To the Editor:-Use of needleless intravenous access systems, such as the Baxter InterLink (Baxter Healthcare Corporation, Round Lake, IL), have been advocated to reduce needle-stick injuries. We were recently confronted with a perplexing situation. During a rapid sequence intravenous induction it was noted that the intravenous infusion appeared to be obstructed without obvious indication of tubing occlusion or crimping. There was excellent blood return during aspiration and little resistance to injection at the intravenous injection site most proximal to the patient. The intravenous piggyback antibiotics flowed freely through a distal injection site. Finding no obvious cause for occlusion, the entire intravenous access system was quickly replaced, and the remainder of the case proceeded uneventfully.
At closer inspection of the faulty InterLink intravenous access system, it became apparent that the distal injection site had been accessed for a piggyback antibiotic infusion, using a Monoject 16 gauge blunt needle (Sherwood Medical, St. Louis, MO). The blunt needle had pushed the self-sealing rubber septum of the injection site into the lumen of the intravenous tubing, causing the unexplained occlusion (Figure 1), permitting the free flow of the intravenous antibiotics but occlusion to more distal infusion. The InterLink intravenous access system uses a proprietary plastic cannula with a blunt, beveled tip to access the pre-slit injection sites; use of a nonspecific blunt tip needle may incapacitate the intravenous access system. This case report again shows the dangers of improvisation.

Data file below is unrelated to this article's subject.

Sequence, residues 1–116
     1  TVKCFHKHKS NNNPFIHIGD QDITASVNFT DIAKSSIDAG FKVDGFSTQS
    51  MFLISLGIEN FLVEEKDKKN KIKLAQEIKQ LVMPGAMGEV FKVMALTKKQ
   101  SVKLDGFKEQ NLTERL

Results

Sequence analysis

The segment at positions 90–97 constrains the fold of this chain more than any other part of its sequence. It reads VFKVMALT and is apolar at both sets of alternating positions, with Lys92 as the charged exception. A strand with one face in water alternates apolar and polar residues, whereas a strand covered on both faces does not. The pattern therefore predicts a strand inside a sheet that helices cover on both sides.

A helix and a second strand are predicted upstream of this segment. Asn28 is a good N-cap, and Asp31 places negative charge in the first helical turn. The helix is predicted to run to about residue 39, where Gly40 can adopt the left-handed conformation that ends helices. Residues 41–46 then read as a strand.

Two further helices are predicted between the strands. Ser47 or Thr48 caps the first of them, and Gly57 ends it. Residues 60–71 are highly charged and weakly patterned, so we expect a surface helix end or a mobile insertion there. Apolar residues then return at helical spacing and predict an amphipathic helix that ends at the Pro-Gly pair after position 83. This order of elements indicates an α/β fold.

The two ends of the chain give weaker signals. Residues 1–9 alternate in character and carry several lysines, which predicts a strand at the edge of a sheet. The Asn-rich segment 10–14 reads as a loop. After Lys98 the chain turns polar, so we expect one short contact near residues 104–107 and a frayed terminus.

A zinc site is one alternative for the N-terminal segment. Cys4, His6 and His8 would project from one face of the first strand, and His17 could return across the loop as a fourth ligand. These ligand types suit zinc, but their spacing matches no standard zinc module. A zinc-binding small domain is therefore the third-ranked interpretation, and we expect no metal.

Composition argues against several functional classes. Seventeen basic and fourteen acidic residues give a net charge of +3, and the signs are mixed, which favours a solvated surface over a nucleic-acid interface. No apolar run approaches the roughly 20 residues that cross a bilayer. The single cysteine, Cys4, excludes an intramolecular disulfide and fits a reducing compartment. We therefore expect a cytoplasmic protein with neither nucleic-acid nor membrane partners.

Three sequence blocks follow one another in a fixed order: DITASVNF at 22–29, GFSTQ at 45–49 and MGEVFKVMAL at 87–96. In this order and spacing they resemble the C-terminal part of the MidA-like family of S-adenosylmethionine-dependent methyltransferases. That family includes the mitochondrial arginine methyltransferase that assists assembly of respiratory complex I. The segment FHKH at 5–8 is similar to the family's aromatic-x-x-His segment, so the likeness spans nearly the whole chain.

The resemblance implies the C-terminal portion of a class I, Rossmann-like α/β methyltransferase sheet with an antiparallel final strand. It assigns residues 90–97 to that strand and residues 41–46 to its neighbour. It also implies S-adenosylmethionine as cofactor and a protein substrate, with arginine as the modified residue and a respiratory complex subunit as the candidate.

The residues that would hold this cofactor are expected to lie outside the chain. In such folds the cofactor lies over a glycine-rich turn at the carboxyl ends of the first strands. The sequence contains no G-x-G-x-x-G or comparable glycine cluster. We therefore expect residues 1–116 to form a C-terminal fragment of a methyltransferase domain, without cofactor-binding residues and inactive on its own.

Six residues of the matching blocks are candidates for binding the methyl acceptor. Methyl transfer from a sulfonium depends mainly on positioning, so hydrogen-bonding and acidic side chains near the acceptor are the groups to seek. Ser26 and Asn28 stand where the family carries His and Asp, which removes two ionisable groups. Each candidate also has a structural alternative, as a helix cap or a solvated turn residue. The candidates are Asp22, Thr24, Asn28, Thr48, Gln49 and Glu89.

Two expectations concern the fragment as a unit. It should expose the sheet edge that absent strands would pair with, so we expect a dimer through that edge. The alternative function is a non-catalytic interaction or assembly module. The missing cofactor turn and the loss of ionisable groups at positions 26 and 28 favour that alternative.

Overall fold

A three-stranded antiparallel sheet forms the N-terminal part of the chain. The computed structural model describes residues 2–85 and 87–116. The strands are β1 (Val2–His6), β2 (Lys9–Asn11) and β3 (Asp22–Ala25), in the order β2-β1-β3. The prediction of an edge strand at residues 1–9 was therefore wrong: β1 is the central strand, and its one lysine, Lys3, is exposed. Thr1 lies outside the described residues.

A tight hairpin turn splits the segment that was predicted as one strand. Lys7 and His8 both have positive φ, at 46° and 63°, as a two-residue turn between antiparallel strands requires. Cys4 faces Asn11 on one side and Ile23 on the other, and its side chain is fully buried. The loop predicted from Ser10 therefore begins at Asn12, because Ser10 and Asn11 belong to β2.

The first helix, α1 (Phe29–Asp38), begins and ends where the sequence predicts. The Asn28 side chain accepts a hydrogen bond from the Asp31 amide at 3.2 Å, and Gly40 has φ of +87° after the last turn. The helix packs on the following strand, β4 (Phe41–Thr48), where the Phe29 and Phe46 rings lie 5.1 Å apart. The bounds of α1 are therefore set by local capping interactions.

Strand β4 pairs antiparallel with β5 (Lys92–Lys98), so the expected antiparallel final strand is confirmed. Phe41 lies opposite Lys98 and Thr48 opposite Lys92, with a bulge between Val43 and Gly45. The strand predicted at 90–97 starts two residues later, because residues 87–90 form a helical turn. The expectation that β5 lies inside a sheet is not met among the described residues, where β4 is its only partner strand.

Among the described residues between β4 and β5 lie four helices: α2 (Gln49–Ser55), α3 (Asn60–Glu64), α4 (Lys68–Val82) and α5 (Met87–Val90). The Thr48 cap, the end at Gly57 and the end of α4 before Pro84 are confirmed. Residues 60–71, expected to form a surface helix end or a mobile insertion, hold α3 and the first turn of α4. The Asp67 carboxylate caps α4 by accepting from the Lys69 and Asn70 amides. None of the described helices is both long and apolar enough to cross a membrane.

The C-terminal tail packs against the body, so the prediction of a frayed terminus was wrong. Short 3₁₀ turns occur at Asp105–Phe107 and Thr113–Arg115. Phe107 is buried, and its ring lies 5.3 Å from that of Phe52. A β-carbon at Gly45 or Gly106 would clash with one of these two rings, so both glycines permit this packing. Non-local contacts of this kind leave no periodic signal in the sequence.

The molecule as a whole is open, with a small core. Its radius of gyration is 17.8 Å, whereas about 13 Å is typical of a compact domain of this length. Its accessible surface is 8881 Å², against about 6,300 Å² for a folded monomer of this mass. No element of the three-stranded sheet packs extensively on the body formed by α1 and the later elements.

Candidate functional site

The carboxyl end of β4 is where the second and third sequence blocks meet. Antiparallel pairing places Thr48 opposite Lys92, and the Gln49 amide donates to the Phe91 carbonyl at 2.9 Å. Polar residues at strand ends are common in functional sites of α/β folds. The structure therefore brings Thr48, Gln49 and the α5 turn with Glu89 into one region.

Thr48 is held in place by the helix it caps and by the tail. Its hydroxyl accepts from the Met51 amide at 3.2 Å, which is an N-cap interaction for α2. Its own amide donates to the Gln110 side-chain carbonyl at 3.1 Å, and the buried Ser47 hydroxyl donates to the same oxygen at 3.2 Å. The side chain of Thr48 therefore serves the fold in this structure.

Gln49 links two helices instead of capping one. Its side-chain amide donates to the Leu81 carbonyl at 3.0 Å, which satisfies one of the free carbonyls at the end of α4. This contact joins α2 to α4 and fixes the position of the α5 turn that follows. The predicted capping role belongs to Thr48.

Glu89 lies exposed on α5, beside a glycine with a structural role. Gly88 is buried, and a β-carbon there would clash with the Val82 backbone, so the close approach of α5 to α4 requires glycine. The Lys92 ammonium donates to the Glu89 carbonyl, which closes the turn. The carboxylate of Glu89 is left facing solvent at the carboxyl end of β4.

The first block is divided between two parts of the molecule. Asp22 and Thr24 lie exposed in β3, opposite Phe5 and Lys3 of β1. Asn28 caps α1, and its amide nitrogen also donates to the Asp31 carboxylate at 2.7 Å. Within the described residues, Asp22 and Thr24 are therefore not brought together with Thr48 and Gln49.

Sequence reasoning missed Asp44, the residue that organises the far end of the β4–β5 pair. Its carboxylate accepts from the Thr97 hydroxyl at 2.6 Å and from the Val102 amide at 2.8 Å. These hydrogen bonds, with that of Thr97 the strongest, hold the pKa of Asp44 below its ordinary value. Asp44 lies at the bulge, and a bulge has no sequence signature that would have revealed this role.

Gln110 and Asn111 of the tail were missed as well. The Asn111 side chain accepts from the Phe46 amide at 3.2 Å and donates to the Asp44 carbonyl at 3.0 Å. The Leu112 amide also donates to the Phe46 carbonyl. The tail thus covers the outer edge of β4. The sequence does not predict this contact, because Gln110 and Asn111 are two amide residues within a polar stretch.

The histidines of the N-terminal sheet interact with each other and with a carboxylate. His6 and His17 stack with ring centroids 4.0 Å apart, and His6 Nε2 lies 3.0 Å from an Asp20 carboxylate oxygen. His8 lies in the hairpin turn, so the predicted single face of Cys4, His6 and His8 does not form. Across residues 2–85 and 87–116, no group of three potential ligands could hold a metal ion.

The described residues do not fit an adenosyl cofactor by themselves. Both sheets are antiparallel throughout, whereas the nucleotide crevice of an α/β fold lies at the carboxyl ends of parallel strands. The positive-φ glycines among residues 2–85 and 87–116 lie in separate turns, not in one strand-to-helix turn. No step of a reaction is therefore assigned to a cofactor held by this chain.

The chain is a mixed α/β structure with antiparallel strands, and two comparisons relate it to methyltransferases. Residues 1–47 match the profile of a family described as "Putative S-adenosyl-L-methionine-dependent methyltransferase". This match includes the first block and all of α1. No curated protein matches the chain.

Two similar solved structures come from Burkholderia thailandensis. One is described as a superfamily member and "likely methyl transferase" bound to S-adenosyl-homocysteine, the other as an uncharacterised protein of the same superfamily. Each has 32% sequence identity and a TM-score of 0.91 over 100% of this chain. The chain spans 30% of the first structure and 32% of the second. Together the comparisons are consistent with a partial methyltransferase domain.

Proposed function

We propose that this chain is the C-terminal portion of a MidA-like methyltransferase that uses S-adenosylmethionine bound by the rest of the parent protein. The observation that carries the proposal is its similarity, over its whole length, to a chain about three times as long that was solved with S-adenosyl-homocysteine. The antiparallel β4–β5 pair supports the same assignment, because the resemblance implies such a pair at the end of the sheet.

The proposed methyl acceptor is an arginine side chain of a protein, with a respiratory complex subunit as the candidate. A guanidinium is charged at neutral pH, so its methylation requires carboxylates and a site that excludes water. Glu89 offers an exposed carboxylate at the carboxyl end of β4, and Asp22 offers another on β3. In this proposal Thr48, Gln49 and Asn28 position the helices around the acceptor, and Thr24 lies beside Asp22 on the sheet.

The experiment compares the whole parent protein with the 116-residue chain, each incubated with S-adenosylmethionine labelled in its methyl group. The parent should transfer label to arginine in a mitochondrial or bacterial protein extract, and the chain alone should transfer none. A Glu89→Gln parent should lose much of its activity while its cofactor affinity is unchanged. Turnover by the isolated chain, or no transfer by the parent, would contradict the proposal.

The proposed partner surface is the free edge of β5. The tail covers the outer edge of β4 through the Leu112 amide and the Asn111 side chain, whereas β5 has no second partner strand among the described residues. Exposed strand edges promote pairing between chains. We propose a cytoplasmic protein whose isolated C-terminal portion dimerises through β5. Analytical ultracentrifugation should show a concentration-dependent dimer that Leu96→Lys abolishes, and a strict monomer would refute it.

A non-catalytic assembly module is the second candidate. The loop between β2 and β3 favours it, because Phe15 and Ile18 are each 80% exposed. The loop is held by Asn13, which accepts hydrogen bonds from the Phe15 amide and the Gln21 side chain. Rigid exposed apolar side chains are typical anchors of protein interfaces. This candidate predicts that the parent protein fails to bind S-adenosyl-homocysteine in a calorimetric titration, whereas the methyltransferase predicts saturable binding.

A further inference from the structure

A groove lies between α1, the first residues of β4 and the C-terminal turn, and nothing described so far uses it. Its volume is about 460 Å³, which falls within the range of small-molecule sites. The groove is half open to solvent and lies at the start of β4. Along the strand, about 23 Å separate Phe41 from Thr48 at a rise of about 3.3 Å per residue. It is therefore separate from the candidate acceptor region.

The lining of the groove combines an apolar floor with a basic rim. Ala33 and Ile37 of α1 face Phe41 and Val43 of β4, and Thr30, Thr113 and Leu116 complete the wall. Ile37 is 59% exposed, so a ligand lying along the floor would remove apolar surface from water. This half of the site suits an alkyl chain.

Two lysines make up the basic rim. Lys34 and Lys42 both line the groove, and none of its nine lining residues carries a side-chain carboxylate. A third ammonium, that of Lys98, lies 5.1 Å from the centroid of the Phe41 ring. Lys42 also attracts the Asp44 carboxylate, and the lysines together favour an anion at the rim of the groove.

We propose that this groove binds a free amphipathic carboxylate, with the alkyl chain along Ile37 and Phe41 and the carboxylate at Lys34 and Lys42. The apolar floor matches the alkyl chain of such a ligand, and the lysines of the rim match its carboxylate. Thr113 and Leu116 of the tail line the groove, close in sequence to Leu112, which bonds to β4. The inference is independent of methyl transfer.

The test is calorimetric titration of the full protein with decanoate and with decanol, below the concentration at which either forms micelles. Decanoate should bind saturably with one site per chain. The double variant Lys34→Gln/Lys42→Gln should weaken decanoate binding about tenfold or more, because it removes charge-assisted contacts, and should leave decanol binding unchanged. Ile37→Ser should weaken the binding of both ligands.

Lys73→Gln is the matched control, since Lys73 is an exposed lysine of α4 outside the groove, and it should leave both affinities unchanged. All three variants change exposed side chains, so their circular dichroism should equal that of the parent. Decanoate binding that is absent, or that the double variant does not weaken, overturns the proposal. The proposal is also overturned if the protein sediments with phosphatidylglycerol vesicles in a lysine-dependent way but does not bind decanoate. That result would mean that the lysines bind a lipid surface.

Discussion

Jeremy L. Krock, D.O., F.A.O.C.A.
Gurpreet S. Padda, M.D.
email@example.com;Assistant Professor; Department of Anesthesiology and Pediatrics; Saint Louis University Medical Center; Cardinal Glennon Children's Hospital; St. Louis, Missouri
Hani F. Gabriel, MD
Resident Physician; Department of Anesthesiology; Saint Louis University Medical Center; St. Louis, Missouri
(Accepted for publication June 10, 1998.)